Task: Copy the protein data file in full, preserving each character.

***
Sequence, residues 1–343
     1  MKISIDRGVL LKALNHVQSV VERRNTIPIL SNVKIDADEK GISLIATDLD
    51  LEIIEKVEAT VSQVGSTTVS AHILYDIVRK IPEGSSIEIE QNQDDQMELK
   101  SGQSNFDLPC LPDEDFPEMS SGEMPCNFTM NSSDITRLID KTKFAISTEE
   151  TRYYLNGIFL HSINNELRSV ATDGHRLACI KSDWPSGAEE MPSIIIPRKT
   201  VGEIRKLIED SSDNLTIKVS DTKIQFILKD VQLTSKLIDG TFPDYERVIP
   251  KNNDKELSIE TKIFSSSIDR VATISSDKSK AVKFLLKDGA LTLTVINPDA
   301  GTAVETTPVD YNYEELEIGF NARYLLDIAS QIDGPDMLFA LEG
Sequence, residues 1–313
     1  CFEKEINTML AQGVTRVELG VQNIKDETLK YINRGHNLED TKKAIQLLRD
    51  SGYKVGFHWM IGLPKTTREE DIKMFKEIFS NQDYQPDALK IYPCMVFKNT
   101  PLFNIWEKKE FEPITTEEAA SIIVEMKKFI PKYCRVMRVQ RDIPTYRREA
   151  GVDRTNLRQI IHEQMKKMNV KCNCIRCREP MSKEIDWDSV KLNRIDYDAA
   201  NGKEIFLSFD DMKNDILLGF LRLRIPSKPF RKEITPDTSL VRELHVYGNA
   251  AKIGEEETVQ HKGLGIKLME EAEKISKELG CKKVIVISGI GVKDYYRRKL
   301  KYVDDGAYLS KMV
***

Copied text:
Sequence, residues 1–343
     1  MKISIDRGVL LKALNHVQSV VERRNTIPIL SNVKIDADEK GISLIATDLD
    51  LEIIEKVEAT VSQVGSTTVS AHILYDIVRK IPEGSSIEIE QNQDDQMELK
   101  SGQSNFDLPC LPDEDFPEMS SGEMPCNFTM NSSDITRLID KTKFAISTEE
   151  TRYYLNGIFL HSINNELRSV ATDGHRLACI KSDWPSGAEE MPSIIIPRKT
   201  VGEIRKLIED SSDNLTIKVS DTKIQFILKD VQLTSKLIDG TFPDYERVIP
   251  KNNDKELSIE TKIFSSSIDR VATISSDKSK AVKFLLKDGA LTLTVINPDA
   301  GTAVETTPVD YNYEELEIGF NARYLLDIAS QIDGPDMLFA LEG
Sequence, residues 1–313
     1  CFEKEINTML AQGVTRVELG VQNIKDETLK YINRGHNLED TKKAIQLLRD
    51  SGYKVGFHWM IGLPKTTREE DIKMFKEIFS NQDYQPDALK IYPCMVFKNT
   101  PLFNIWEKKE FEPITTEEAA SIIVEMKKFI PKYCRVMRVQ RDIPTYRREA
   151  GVDRTNLRQI IHEQMKKMNV KCNCIRCREP MSKEIDWDSV KLNRIDYDAA
   201  NGKEIFLSFD DMKNDILLGF LRLRIPSKPF RKEITPDTSL VRELHVYGNA
   251  AKIGEEETVQ HKGLGIKLME EAEKISKELG CKKVIVISGI GVKDYYRRKL
   301  KYVDDGAYLS KMV